Since Constellation Brands spent $1 billion to buy Ballast Point in 2015, we’ve seen aggressive growth, frantic retrenchment and now plummeting demand.
Here’s a simple question: what the heck is going on at Ballast Point?
Since New York’s Constellation Brands spent $1 billion to buy the Miramar brewery in 2015, we’ve seen aggressive growth (outposts in Chicago, Long Beach, downtown Disney), retrenchment (closing a barrel-aging facility here, scrubbing a planned San Francisco brewpub) and now plummeting demand.
Constellation’s first full year owning Ballast saw a 55 percent rise in production, pushing it to an all-time high of 431,000 barrels in 2016. By the end of last year, though, production had slipped to 320,000 barrels.
Seeking an explanation, I contacted Ballast Point and Constellation. When neither responded, I called Bart Watson, chief economist at the Brewers Association, a national trade group.
Some of Ballast’s woes, Watson said, may be traced to its success. Backed by Constellation’s marketing arm, Ballast was able to sell its iconic Sculpin IPA and other beers to restaurants, taverns and supermarkets from coast to coast.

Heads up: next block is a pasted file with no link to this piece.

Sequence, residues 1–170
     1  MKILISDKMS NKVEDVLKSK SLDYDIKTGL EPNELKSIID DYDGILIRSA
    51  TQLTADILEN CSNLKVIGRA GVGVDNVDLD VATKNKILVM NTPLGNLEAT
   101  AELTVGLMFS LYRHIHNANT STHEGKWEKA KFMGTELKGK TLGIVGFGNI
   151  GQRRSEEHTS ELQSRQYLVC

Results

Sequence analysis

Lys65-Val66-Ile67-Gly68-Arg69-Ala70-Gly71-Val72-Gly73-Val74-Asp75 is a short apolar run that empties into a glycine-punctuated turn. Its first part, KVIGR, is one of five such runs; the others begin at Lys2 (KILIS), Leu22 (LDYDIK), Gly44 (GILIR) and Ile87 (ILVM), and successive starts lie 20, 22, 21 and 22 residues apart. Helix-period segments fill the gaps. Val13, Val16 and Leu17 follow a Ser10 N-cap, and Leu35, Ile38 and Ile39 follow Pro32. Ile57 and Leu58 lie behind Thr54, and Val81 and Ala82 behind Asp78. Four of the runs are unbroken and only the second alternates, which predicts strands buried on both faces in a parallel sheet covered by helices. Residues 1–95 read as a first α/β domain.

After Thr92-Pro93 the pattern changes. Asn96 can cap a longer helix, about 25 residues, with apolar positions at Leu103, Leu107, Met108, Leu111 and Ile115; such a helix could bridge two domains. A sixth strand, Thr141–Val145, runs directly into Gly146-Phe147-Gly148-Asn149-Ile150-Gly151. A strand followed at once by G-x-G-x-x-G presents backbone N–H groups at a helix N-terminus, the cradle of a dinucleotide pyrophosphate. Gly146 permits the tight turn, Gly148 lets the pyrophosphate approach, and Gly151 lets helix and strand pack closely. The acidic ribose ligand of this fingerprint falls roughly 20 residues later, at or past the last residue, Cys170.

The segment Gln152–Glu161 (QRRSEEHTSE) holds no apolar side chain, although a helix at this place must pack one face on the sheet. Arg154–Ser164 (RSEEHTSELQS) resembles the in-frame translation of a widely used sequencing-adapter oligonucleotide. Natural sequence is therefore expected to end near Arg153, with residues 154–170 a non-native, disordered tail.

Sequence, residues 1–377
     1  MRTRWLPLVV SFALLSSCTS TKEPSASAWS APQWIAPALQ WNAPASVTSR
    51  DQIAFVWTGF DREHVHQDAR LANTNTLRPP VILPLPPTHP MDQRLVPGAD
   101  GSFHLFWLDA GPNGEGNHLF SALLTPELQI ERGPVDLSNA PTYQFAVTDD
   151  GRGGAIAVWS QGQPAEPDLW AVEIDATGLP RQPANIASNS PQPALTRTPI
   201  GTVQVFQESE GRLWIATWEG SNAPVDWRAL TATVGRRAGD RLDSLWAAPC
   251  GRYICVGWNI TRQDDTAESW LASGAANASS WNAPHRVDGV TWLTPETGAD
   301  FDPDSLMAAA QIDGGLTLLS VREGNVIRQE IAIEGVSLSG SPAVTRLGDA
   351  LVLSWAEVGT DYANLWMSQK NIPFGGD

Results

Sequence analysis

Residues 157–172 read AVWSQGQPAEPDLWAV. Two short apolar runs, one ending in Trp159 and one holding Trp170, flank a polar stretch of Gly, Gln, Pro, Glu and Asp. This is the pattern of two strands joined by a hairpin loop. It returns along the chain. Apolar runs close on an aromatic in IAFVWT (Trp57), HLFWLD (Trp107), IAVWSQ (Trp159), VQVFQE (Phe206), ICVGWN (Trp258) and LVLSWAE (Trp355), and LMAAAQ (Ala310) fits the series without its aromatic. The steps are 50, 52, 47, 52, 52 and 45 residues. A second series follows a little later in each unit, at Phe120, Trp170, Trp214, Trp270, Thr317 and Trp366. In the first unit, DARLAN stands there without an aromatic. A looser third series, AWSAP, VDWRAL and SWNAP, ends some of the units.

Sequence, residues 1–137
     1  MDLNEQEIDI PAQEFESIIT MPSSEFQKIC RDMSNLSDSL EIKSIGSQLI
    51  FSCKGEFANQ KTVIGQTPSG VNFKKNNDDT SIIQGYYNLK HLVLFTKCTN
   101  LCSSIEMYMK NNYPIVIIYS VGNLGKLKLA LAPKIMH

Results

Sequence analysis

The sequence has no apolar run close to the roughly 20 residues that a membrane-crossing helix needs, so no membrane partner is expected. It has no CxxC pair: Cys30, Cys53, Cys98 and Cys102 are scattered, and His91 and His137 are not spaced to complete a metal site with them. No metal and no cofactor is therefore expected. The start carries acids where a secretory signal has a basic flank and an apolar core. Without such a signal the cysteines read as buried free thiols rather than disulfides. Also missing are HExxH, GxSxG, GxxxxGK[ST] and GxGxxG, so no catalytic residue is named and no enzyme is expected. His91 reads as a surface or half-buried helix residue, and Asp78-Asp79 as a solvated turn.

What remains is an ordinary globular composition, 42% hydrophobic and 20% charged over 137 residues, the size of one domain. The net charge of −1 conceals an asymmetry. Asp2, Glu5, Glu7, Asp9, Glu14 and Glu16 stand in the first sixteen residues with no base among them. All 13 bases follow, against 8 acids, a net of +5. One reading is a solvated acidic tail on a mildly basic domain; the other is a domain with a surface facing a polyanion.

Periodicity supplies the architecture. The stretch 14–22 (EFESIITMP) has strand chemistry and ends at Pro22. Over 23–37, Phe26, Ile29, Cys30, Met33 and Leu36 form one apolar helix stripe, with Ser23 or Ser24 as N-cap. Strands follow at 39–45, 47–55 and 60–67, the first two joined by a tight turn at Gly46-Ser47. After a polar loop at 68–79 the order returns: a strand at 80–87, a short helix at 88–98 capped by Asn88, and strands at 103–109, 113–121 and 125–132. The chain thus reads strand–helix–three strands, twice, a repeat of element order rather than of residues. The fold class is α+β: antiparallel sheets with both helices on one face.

“Having to defend that territory,” Watson said, “that’s a real problem.”
Especially as many beer fans gravitate toward neighborhood breweries, which can quickly adapt to local tastes and trends.
Watson cited several other potential factors: Ballast was tardy in adopting hazy IPAs and brut IPAs, both hot sellers; some craft beer purists abandoned the brand after its sale to a corporation; Constellation, the U.S. distributor of numerous Mexican beers, may be shifting its focus to more profitable brands.
“Constellation may be spending that marketing money on Modelo, which is making them a lot of money,” Watson said. “That’s always a risk when you sell to a larger corporation. You no longer control where the money is spent.”